Some seniors may feel silly or embarrassed about certain parts of their retirement or estate planning, but at Utah Senior Planning, we’re here to keep you feeling comfortable and at ease. We know everyone has different unique needs and desires for these planning processes, and there’s no item too silly or inconsequential for us to help you with.

One such area that’s a concern for some seniors within senior planning is pets. Some pet owners fear their companions will outlive them, and want to ensure that the animal will receive the proper care if this happens. This requires making an advanced care directive for the pet, which we can easily help you with during your planning periods. Let’s go over some of the basic steps that go into creating an advanced care directive for a pet.

Preliminary Discussion

For starters, a conversation should be had between you as a senior, your caregivers, and any of our staff involved in the advanced care directive being created. It’s important to lay out your basic wishes and plans for the pet if you do happen to pass before the animal does.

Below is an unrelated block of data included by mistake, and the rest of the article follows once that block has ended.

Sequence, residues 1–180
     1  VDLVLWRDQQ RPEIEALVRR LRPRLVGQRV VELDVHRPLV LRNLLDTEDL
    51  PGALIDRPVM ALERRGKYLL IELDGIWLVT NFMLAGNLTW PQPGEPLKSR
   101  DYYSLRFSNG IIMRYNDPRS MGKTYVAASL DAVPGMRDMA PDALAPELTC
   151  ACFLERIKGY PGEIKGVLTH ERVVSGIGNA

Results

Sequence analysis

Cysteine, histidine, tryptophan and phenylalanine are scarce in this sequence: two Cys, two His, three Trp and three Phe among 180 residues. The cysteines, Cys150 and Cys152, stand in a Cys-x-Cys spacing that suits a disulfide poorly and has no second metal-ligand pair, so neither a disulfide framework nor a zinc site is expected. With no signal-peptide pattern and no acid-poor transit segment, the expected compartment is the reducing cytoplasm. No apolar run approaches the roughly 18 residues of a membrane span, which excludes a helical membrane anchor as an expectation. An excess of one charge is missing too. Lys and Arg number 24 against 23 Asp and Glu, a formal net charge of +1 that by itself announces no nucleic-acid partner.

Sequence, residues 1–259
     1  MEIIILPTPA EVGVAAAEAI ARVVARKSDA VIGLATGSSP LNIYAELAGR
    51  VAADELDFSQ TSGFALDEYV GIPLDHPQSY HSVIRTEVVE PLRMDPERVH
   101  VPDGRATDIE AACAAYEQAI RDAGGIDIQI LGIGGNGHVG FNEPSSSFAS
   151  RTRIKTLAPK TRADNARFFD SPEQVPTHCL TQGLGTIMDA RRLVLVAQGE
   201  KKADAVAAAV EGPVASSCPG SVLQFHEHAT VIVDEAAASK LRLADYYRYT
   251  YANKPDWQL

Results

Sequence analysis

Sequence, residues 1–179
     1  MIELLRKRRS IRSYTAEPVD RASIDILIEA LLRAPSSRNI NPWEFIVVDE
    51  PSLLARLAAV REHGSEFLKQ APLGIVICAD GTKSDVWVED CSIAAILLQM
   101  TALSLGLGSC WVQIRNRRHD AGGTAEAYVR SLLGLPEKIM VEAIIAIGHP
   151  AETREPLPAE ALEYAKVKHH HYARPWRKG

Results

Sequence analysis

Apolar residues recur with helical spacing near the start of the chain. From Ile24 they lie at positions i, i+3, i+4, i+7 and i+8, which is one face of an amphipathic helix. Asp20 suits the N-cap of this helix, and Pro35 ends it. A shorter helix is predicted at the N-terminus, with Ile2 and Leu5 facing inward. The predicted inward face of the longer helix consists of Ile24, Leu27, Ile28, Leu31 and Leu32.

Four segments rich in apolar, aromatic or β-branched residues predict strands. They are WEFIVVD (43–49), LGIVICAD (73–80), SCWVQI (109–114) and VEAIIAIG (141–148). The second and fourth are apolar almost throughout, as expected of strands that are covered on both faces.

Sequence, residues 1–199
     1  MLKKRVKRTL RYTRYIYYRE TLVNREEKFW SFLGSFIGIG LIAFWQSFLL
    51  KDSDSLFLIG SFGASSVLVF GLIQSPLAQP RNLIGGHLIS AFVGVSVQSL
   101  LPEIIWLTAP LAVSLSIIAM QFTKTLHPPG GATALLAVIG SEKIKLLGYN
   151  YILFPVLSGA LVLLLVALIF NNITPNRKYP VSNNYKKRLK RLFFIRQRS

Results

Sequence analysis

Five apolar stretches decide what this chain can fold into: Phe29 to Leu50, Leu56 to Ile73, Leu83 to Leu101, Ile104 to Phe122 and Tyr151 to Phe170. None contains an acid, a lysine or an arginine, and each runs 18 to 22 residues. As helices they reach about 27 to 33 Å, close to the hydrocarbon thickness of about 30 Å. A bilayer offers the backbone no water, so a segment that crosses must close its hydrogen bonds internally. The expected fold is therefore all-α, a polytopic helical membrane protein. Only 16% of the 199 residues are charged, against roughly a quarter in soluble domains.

Important areas here include money and care. The party caring for a dog or cat will incur several hundred dollars a year or more in basic food and health costs, and far more if the animal has any significant illnesses or injuries. Will the person designated to adopting the pet be able to cover these costs, or should money be set aside as part of the advanced directive?

In addition, consider the care the animal will receive. This process allows you to line up a couple trusted volunteers to help in case of emergency, or to set up an arrangement with a pet-sitting company.

Building a Plan

As you get into some specifics, there are several elements of the plan to keep in mind:

  • How much money will be set aside for pet care

  • Where this money will come from (investments, savings, insurance, real estate proceeds, etc.)

  • What will happen if pets get sick or die

  • Where remaining funds for pet care will go after they pass

  • Specific care areas you want prioritized for your pet

  • Who you trust to care for your pets, and who will take over if that trusted party is no longer able

  • Who you trust to make financial decisions for your pets, and who will take over if they need to be replaced

Putting it in Writing

Depending on the level of detail in your advanced care directive, it may take between a week and a few months to complete this process. Our attorneys can help you lay out the proper terms and conditions of your directive, ensuring all your wishes are carefully considered and presented in clear language.

For more on laying out an advanced care directive for a pet, or to learn about any of our senior planning services, speak to the staff at Utah Senior Planning today.